This weekend LA Opera presents “Einstein on the Beach”. This is the final North American stop of the international tour. I’ll be attending (and live tweeting #EOTB2013) the working dress rehearsal of the production on Thursday evening beginning at 6pm. Angelenos have been treated to an extraordinary amount of PR surrounding the Los Angeles performances so I’ve had Phillip Glass on my mind for weeks now. In anticipation of Thursday night’s adventure I have been reflecting on my past experience with the music of Phillip Glass….
I was first introduced to the music of Phillip Glass in 1988. I was a junior in high school in my first year at Interlochen Arts Academy (IAA) boarding school and I am sure I thought I was a very worldly and serious musician. Serious? Yes. Worldly? Uh, probably not. I’d had very little exposure to contemporary or “new” music, unless you count the ditties my Suzuki violin teacher made up to help us learn difficult passages in the repertoire. I still remember the first time I heard Glass’s music. I sat on the floor in a friends room at IAA and had no idea what the hell I was listening to. I looked at the CD cover and I don’t recall what it was but remember thinking that the cover art looked as odd as the repetitive sounds I was hearing. I’d never taken drugs but I imagined that what I was hearing and feeling was probably just what it would be like to be tripping or high on drugs. It seemed like “trippy” music to me. It wasn’t an annoying gross Grateful Dead trippy, it was a better sounding more organized yet slightly uncomfortable trippy. My friends were totally into it so I decided that it was awesome and that I liked Phillip Glass’s music.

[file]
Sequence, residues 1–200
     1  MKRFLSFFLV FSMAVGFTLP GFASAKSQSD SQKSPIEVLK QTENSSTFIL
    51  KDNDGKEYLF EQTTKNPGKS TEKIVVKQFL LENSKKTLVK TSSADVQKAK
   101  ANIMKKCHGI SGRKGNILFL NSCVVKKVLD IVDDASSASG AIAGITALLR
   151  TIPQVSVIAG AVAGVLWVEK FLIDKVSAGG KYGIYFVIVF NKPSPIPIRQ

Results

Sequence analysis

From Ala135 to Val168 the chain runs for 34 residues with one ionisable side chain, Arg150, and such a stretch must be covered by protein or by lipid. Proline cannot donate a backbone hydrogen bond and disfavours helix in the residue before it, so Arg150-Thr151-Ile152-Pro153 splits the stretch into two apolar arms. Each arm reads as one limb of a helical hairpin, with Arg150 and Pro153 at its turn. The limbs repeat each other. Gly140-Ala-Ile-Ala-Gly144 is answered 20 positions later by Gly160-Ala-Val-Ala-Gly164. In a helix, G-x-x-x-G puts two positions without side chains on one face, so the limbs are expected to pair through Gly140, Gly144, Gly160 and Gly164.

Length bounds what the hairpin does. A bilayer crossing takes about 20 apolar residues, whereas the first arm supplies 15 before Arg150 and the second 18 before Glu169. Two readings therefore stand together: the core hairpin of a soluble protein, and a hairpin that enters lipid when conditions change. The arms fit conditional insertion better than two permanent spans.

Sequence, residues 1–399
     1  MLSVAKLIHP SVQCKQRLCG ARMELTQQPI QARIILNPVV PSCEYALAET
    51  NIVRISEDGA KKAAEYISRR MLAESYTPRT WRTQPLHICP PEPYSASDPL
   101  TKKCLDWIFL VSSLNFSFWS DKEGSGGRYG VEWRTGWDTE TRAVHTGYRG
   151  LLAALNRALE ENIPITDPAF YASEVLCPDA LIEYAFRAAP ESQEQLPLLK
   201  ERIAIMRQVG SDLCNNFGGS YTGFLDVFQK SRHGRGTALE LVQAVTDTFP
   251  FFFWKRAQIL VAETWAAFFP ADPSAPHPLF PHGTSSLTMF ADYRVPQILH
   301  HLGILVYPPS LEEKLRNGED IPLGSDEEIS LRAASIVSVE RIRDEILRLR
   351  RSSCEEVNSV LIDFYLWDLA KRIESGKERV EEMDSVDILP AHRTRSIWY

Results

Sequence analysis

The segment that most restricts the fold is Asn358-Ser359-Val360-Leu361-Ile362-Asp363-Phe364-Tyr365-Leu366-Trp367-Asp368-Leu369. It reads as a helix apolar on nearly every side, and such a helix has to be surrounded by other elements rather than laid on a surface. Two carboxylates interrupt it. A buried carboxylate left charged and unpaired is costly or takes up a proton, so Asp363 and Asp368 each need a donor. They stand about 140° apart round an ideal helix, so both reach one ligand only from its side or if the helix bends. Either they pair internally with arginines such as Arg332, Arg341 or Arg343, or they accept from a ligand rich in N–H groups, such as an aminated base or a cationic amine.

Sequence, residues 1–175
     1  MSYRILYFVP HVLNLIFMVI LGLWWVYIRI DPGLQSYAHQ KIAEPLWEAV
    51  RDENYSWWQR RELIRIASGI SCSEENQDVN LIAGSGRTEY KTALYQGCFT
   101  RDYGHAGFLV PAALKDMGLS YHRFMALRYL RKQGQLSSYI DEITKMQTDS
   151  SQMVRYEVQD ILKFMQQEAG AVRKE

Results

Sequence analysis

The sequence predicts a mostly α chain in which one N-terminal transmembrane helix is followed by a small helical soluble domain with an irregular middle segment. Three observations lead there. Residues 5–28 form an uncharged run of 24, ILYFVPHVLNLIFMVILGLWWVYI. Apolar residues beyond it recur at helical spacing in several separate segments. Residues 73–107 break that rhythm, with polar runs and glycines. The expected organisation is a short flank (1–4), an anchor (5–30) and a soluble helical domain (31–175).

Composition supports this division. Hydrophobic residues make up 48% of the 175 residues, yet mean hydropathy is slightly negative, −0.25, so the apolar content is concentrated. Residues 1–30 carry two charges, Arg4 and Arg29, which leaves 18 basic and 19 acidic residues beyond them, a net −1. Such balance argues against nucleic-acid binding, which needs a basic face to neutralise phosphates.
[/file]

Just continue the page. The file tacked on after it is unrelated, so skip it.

You might say that I was peer pressured into a love affair with the music of Phillip Glass.
I had a fairly impressive collection of classical music cd’s as a teenager and I recall dragging my Dad to the music store over Thanksgiving break so that I could purchase some Phillip Glass. I think the first recordings I purchased were Songs from Liquid Days. I did not imbibe this music in the same manner I did the rest of my collection. I fancied myself a very “serious” student of music but Phillip Glass was the kind of music I daydreamed and studied to, I don’t think I ever actually “listened” to it the same way I did most other music.
I recall studying Einstein on the Beach during my undergrad years but my love affair with Glass seemed to fizzle over time. I don’t think it was a conscious decision, maybe I just outgrew him. Or maybe I finally realized that I didn’t “get” it. He truly was appealing to me as a teenager. And then he wasn’t anymore.
Ironically, when LA Opera started their PR blitz for Einstein on the Beach a few months ago I got very excited. I instantly forgot that Phil and I had fizzled and started listening again. Twenty plus years ago I didn’t have access to the internet or, HOLY COW, Youtube! I found myself reading and then clicking through pages on treasure hunt for more information, sites, and sounds. I am in a bit of a tizzy as I reintroduce myself to Phillip Glass; it turns out he went on and continued to write music without me. I have much catching up to do! On that note, I cannot imagine being a kid and having had access to the world via the internet. I may never have slept.
I’ll admit that I’m nervous about the prospect of sitting still for four and half hours without intermission. (So much for minimalism.) The audience is invited to come and go freely but I can’t imagine that I will be able to pull myself away from the spectacle.
If you aren’t familiar with the work of Phillip Glass and are curious about all the fuss behind LA Opera’s presentation of Einstein on the Beach, I highly recommend watching the 1986 documentary Einstein on the Beach: The Changing Image of Opera. It features both Phillip Glass and Robert Wilson explaining the work in great detail.
I am downright giddy at the prospect of seeing the complete work live. This tour is expected to be the last revival Phillip Glass and Robert Wilson are directly involved in. The whole city seems to be humming with excitement and LA Opera has done a phenomenal job with the PR so it is likely to be an incredible audience. We are witnessing and experiencing history this week!